I'm very excited about this bread. It's so very different than anything I've done before. Due to the very specific temperatures listed in Reinhart's recipe I went out and had my husband buy me a set of thermometers - one for liquids, a probe thermometer that actually makes it to 200F instead of guessing, and a thermometer for inside the oven. It turns out that my oven is off by -75 degrees F!!!- Is it any wonder I keep setting off the smoke alarm well before things should be 'done' if I don't watch them like a hawk? No more of that, now, for sure!


My mash is in the oven (which is now off) inside a le creuset saucepan with the lid on. I wanted to leave it for the max 3 hours allowed. I ended up using just the Bob's Red Mill flour as I decided it was coarse enough - almost moreso than stone ground whole wheat.


The sponge is a bit intimidating. I think I might name it The Colon Bomb. It looks like someone rolled up a lump of wet sawdust and wood chips. The consistency was just this side of modeling clay - and twice as sticky. How in the world do you get this off your hands?! I can't really imagine this stuff doubling in size. Reinhart says it could take up to 8 hours, or even longer. It's cool in the house - hovering around 70F, so I know that we're looking at the 'longer' side. I'm wondering if it might be OK to leave it overnight along with the mash, esp as it will get cooler in the house this evening - probably down to around 67 or 68F.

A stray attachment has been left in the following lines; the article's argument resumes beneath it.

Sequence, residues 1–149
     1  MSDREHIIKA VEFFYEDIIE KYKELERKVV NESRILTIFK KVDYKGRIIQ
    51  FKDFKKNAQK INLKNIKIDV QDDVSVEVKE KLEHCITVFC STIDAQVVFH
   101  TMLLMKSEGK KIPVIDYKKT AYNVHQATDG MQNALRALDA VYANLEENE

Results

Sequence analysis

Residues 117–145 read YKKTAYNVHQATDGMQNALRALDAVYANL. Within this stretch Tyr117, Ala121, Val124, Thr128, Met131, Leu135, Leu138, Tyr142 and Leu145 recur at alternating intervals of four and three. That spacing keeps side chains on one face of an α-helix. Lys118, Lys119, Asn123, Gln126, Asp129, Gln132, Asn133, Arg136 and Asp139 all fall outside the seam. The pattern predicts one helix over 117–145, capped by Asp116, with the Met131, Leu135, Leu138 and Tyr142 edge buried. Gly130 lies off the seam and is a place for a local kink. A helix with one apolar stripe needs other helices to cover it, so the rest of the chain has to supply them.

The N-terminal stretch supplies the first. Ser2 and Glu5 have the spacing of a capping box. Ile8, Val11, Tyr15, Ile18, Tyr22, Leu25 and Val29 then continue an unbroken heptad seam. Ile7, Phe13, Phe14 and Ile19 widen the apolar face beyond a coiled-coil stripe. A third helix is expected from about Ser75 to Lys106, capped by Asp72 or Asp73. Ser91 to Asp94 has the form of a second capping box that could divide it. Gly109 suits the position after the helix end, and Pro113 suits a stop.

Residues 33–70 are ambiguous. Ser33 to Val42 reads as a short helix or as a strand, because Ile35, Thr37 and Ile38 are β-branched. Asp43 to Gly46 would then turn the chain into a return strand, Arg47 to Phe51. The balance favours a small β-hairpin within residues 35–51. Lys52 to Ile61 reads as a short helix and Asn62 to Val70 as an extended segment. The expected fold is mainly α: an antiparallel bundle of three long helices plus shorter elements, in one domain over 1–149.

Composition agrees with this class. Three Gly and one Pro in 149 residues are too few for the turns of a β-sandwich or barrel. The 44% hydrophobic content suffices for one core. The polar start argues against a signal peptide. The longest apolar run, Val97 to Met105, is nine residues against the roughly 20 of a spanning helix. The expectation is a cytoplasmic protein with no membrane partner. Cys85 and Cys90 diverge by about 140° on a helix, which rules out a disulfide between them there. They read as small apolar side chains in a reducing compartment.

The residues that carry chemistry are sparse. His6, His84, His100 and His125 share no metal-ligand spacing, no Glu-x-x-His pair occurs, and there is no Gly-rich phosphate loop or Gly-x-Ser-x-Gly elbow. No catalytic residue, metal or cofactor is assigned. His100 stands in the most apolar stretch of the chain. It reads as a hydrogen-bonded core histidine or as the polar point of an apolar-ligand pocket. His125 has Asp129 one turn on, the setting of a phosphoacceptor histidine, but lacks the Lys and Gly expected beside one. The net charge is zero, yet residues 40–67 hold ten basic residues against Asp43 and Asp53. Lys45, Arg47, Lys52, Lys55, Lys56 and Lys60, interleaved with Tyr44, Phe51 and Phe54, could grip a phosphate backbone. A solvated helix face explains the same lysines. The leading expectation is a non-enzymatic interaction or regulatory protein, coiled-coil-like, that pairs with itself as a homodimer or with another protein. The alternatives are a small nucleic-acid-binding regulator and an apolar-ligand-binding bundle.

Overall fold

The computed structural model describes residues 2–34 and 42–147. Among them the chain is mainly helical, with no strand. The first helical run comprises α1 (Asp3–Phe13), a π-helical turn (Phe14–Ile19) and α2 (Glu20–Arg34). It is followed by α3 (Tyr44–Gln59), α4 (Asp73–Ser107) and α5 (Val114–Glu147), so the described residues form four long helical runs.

boilerbaker's picture
boilerbaker

I was one of Peter's many testers for this book, and I loved to test the recipes that used rye flour. Since I was testing many recipes, I did invest in a small, inexpensive hand grain grinder.  I already have an old Whisper Mill grinder to grind wheat and rye berries to make fresh flour, but for small amounts, the hand grinder works--or a blender, or spice grinder, food processor, etc.  Anyway, the recipe is worth all the steps if you like rye breads.  


A sticky dough is best controlled using water.  I simply wet down a clean area on my counter, then with wet hands and a bench knife or scraper, it's easier to work with the dough.  I also invested in a good instant thermometer.